18 July 2009

Sin City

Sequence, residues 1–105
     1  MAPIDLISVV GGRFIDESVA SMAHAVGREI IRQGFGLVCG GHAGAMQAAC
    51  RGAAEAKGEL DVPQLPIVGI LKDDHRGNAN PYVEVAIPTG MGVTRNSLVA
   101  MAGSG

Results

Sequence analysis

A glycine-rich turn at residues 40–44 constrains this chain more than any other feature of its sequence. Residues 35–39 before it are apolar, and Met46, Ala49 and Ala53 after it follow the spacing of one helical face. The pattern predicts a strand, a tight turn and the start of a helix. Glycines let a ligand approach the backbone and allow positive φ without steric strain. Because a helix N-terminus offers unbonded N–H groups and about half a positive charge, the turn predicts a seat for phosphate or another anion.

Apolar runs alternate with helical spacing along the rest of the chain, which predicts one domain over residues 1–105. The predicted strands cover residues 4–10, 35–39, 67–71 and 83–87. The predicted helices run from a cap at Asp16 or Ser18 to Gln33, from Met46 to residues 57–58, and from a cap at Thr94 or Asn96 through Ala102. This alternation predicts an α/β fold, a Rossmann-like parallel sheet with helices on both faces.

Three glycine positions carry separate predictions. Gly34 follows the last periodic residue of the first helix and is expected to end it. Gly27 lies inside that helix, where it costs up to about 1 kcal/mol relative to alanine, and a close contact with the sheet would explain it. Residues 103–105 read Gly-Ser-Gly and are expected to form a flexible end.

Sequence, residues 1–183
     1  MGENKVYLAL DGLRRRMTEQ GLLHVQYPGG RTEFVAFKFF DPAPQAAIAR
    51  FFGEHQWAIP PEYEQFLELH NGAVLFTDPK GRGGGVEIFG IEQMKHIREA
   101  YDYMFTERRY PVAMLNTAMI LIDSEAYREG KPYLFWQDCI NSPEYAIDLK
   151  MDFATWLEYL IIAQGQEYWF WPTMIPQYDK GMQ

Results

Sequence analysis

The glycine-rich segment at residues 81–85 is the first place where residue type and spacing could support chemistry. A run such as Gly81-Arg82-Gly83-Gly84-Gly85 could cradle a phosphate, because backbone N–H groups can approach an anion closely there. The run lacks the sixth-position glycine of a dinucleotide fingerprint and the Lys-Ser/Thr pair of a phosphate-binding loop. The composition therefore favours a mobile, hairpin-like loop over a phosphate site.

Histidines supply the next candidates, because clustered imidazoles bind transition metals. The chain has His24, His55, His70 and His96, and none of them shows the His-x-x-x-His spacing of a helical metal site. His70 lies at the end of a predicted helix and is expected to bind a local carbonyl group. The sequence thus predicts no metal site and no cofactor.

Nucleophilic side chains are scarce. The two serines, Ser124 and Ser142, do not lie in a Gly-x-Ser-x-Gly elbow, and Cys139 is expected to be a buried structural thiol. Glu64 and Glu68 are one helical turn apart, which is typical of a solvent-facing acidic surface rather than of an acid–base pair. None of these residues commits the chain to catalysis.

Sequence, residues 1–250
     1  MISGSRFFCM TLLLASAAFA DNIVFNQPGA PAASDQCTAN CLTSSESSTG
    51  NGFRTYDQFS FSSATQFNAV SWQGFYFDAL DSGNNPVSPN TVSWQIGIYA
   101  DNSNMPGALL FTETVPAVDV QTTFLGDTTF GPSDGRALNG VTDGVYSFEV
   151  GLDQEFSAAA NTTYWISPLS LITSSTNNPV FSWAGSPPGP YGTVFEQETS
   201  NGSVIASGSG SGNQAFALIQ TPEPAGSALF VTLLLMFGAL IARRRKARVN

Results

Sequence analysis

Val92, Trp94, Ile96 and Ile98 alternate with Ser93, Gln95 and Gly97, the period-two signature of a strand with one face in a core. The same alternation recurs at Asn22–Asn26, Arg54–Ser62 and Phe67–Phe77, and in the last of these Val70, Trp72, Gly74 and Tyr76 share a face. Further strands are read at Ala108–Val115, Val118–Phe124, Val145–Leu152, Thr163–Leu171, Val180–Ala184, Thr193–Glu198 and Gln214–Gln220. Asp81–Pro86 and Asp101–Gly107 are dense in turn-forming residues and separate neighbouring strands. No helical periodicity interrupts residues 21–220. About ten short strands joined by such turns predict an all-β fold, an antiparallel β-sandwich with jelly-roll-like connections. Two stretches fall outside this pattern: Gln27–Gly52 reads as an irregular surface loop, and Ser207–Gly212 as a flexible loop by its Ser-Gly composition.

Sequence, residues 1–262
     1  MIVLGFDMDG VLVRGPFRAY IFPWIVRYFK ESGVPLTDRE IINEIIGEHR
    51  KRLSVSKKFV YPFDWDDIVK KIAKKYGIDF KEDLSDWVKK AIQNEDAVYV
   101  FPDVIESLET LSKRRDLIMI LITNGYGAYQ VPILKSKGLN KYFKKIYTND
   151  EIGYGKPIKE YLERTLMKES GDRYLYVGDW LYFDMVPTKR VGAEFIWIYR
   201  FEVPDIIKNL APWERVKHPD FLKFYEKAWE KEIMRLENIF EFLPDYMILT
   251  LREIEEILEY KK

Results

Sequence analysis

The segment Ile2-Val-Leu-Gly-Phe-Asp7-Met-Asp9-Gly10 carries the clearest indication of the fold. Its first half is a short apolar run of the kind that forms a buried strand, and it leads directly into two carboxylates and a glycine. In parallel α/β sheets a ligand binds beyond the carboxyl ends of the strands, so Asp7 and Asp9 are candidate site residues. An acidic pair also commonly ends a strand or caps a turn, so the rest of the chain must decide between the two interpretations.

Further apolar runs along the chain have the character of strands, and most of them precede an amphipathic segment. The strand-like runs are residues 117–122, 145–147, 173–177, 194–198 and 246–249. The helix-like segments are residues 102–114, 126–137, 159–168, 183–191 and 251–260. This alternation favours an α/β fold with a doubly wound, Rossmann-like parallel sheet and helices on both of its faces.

How do you describe something like Sin City? I mean the comic by Frank Miller, not the film--that will be the subject of another post. Speaking of post, that's where we live in 2009, the post-modern world. In the post-modern world, everything has been deconstructed. All the modes and tropes of popular art have been re-worked, re-imagined, re-invented, and re-applied. When you dive into a form like a detective story, or a crime novel, or a film noir, you've got a lot a cultural detritus around. There's a fine line between clichéd and clever, between parody and homage. Which brings me back to Mr. Miller. There are enough booze, broads, bullets in Sin City to make any hard-boiled fan happy. The art is almost all black and white, with the broad strokes, sharp contrasts, and long lines of those low-budget 50s films we now know as noir classics. In fact, it's mostly art--there is very little in the way of narrative or dialogue. Tough guys and their hooker allies take on all sorts of corrupt cops, scheming politicos, and evil geniuses in the dark and dangerous world of Basin City, but they don't say much. The stories, despite the convoluted timelines and overlapping characters, are pretty simple, and go by a little too fast. They go by fast because Sin City is mostly a picture book. Sure, it's a comic, I get it. You are supposed to look at the pictures. And Miller is in a soft-core mood throughout the series--there are lots of naked girls to look at. The rest of the time, these curvaceous femmes, whether victims, heroines, or villianesses, are bursting out of their fishnets, bustieres, and unmentionables while kicking ass or getting their asses kicked. It's a Joe Bob Briggs breast festival--nipples popping up everywhere--and a pouty lip parade that'd shame Angelina into another round of botox. Miller is famed for his Batman work: The Dark Knight Returns is both brilliant and brutal, simmering with apocalyptic rage and dystopian longing. He's also known for 300, his fabulistic re-telling of the Spartans and Persians at Thermopylae. It's another flesh-fest, this time sweaty, over-muscled, nearly-naked Greek men in a glorious crescendo of suicidal violence. Both these rivers run through Basin City. The underworld denizens move around in impossible, super-hero leaps and bounds, with either a fatalistic nonchalance or an insatiable sadistic lust. It's a heady brew. The best parts are the unique angles and interesting perspectives Miller uses to draw many of the scenes. I also love his sounds. KREK. FUPP. WHUUNG. SPAK. KRNCH. The whole Basin City layout with Old Town, the Projects, Sacred Oaks, The Docks, The Roark Farm, Kadie's Club, and the Santa Yolanda Tar Pits is nicely imagined, making the setting a sort of über-American pastiche. Perhaps it's the hodge-podge nature of the work that ultimately left me a little unsatisfied. It was a fun ride, but it had nowhere near the visceral and dramatic intensity of Dark Knight, and suffered, like 300, from some over-blown adolescent-fantasy imagery. I'm going to give the movie--which I remember liking quite a bit--another go here pretty soon, so I'll be back with more on Frank Miller and Sin City.

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